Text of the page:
Almeida Theatre, London N1
In Ibsen’s bleak play, Rosmersholm — or the house of Rosmer — is a place where, for generations of influential Rosmers, “children do not cry, nor do they laugh when they grow up”.
A year after the death of his wife, the current Rosmer (Paul Hilton) has left the church and rejected the reactionary values imposed upon the locals by his ancestors. He is what his brother-in-law Krall (Malcolm Sinclair) hates most — an atheist and free-thinker. Worse, Krall is prepared to punish Rosmer with newspaper articles implying that Rosmer and his wife’s former companion Rebecca (Helen McCory) are living in sin. The absorbing scenes are loquacious and long, but with not hint of longueur. The past is raked in a quest for truth, whether it is about the death of Rosmer’s long-suffering wife or which political vision provides hope.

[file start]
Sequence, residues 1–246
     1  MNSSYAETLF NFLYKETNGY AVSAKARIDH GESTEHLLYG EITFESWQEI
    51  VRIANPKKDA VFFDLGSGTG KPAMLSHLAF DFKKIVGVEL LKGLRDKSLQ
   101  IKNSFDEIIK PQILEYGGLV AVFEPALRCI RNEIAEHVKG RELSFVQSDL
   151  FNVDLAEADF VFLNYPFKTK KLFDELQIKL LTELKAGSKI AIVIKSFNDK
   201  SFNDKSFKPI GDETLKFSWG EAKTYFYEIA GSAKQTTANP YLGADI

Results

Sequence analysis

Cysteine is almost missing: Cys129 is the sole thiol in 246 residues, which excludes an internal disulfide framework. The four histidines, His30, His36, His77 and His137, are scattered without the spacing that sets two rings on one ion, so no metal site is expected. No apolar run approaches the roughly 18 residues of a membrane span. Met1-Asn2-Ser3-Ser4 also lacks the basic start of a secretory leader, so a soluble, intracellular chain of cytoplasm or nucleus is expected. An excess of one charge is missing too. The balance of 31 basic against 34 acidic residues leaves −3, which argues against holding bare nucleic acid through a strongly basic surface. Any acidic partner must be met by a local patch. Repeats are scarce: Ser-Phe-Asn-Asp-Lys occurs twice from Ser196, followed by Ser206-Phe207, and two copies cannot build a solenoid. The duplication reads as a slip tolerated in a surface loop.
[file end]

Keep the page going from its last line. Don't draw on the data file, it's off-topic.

McCory’s sensual and manipulative Rebecca and Hilton’s born-again liberal are excellent. But director Anthony Page’s production lacks a sense of the oppressive austerity needed to make sense of the play’s desolate end. (Tel: 020 7359 4404)